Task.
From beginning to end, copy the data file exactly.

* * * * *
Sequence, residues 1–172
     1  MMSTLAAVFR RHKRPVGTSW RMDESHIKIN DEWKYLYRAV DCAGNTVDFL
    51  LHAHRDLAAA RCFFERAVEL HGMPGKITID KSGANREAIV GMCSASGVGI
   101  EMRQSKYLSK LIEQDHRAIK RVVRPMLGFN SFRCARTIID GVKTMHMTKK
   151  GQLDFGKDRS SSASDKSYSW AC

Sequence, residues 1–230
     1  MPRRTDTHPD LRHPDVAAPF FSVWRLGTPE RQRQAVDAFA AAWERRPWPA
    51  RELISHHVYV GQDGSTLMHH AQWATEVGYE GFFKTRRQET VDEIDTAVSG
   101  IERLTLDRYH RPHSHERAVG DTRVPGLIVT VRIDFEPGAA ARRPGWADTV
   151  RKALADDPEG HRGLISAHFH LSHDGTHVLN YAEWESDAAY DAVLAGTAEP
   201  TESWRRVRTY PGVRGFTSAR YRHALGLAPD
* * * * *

Sequence, residues 1–172
     1  MMSTLAAVFR RHKRPVGTSW RMDESHIKIN DEWKYLYRAV DCAGNTVDFL
    51  LHAHRDLAAA RCFFERAVEL HGMPGKITID KSGANREAIV GMCSASGVGI
   101  EMRQSKYLSK LIEQDHRAIK RVVRPMLGFN SFRCARTIID GVKTMHMTKK
   151  GQLDFGKDRS SSASDKSYSW AC

Sequence, residues 1–230
     1  MPRRTDTHPD LRHPDVAAPF FSVWRLGTPE RQRQAVDAFA AAWERRPWPA
    51  RELISHHVYV GQDGSTLMHH AQWATEVGYE GFFKTRRQET VDEIDTAVSG
   101  IERLTLDRYH RPHSHERAVG DTRVPGLIVT VRIDFEPGAA ARRPGWADTV
   151  RKALADDPEG HRGLISAHFH LSHDGTHVLN YAEWESDAAY DAVLAGTAEP
   201  TESWRRVRTY PGVRGFTSAR YRHALGLAPD